In historical movies such as Cleopatra, the look of ancient Egypt and contemporary Orientalism fused, creating a look that was mimicked by stylish women of the day. Eyeliner made the leap from artistic Orientalist paintings and stylized stage makeup to the pages of Vogue.
For the rest of the twentieth century, eyeliner would follow the vicissitudes of fashion, being reinvented with each season to coordinate with the looks of the day.


Eyeliners before and after

Ancient Egyptian kohl was made from natural minerals of the region. Black liners were created from either antimony or galena, which produces a lead sulfide. However, black was not the only color available to the ancients; other essential colors in the cosmetic palette included green ground from malachite, blue from lapis, and white from lead carbonate. These minerals were added to a paste that might include frankincense oil, almond oil and goose fat.
Women today have thousands of cosmetic options, from natural to synthetic, in a wide variety of colors, application styles, and formulations. Makeup companies cater to a broad variety of tastes and needs and have appropriated the word kohl to represent a color, rather than a particular formulation. Today, eyeliners can be completely color coordinated with a total look, lifting color from the clothes to the face.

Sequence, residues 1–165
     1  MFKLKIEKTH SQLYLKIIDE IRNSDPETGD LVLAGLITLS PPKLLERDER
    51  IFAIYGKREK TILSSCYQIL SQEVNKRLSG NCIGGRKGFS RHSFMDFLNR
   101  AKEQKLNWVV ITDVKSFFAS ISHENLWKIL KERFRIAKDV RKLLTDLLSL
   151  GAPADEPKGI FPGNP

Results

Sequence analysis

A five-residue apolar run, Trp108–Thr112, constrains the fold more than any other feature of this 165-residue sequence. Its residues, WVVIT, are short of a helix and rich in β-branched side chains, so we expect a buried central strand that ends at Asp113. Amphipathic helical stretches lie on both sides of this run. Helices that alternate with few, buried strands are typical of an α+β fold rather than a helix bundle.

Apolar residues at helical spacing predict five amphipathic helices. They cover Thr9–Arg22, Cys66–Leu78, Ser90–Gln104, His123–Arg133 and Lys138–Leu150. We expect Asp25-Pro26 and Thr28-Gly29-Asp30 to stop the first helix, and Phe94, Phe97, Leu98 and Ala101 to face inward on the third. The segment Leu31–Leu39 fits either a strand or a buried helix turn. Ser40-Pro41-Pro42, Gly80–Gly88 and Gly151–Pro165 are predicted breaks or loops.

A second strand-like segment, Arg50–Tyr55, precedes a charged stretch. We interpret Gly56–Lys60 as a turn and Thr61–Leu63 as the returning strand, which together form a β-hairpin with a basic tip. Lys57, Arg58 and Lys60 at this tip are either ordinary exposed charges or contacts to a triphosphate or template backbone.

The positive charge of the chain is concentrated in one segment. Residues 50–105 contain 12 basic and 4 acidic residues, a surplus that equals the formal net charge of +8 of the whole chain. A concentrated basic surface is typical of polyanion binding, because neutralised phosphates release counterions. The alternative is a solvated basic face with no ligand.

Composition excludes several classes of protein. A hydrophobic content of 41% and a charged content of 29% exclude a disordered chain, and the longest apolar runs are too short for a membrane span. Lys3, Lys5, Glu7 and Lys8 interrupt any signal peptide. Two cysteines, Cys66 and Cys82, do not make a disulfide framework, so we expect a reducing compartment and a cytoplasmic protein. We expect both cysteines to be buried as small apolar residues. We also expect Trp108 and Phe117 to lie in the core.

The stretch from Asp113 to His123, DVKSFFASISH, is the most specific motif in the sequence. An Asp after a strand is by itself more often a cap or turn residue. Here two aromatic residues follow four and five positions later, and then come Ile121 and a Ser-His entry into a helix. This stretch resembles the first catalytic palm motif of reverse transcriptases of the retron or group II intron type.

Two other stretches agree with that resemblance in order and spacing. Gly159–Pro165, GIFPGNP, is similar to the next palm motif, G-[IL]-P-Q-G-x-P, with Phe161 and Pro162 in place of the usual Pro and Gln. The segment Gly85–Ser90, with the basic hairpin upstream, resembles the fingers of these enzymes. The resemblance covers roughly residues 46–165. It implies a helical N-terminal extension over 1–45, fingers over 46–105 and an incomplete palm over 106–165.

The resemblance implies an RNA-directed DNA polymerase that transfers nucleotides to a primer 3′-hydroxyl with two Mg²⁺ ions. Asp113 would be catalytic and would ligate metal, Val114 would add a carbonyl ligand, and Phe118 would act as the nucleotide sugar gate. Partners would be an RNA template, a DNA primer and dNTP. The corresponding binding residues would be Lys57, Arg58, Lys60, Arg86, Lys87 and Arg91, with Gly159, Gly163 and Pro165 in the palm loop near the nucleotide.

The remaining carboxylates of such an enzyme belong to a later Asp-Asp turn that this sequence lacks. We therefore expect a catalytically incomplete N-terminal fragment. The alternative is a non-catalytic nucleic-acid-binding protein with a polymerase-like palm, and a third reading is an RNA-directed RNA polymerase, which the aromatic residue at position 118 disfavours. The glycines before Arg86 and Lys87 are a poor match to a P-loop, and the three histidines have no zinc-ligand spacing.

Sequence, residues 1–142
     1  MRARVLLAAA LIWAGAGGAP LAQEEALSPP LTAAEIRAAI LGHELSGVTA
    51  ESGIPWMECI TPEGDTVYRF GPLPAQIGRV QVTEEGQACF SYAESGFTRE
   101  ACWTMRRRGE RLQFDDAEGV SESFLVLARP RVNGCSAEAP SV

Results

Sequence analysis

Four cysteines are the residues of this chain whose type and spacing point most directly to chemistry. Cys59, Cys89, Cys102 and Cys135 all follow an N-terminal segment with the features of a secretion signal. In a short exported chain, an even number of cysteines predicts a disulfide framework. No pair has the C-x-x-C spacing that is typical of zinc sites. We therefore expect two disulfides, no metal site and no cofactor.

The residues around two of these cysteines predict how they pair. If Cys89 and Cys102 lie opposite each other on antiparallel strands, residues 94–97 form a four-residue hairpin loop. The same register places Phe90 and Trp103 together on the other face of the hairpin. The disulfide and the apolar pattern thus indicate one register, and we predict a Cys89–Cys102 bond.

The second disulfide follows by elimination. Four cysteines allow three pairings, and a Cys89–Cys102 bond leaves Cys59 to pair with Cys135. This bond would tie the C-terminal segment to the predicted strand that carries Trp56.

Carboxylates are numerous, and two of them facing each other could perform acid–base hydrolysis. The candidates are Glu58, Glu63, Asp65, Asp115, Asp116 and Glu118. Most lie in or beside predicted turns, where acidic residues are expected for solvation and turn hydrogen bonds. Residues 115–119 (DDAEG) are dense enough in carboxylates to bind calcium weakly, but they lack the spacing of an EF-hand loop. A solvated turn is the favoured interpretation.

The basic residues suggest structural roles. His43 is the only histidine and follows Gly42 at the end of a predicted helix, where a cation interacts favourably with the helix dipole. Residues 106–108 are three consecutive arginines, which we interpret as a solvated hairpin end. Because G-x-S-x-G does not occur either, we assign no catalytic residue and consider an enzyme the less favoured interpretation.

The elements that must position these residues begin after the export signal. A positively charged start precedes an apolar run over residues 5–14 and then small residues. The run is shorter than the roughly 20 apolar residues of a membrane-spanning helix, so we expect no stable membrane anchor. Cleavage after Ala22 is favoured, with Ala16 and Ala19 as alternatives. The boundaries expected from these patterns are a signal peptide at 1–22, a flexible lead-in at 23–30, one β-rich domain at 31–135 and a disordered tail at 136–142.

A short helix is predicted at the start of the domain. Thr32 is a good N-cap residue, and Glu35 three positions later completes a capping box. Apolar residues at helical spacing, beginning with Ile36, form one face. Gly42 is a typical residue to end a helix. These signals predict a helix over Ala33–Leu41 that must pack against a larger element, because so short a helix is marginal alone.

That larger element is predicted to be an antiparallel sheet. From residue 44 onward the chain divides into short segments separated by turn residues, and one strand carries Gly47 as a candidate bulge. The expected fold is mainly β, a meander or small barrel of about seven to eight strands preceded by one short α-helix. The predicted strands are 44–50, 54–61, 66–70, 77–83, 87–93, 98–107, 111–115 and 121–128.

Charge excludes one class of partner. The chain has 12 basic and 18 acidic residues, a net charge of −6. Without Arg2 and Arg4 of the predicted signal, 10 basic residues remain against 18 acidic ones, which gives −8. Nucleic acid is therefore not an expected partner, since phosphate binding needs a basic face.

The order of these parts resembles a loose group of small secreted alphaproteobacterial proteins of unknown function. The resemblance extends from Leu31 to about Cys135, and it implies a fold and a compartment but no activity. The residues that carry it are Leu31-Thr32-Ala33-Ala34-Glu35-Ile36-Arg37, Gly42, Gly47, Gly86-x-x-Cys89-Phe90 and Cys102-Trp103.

Easiest to use are the eyeliner pencils which are affordable, widely available, and come in an astounding range of colors from the deepest black to stark white and everything in between. The quality of the sharpened tip can create a line that is either sharp and fine or soft and smudgy. A little more difficult to master, liquid eyeliner has the benefit of providing precise line control.  It requires a steady hand and practice to apply, but the results are worth it. Originally, kohl was a powdered mineral applied with a moistened stick.  Today’s powdered eyeliners are available in several forms.  Loose powder in the form of eye shadow or eyeliner is applied either wet or dry using a fine pointed brush.  Powders offer the broadest range of color, because you can press virtually any eye shadow into duty, however, powders are messier to apply than pencils or liquids, do not always create intense color and are generally not water resistant.


Today, Tomorrow and Beyond

We now understand the dangers of traditional kohl recipes, which can rely on poisonous heavy metals to create the matte black powders worn by the ancients But no matter what look you prefer - a smudged and smoky eye created with a soft pencil or a thin, razor-sharp line painted with a brush dipped in liquid liner - eyeliner is an essential element in any makeup kit.

 

Kohl has been part of the beauty regimens of women since the dawn of history, and an unbroken line connects the eyes of today with those of the ancients. What history offers us is plenty of inspiration for different looks and application techniques, as well as an unbroken connection with our past, providing us with endless ways to draw the line.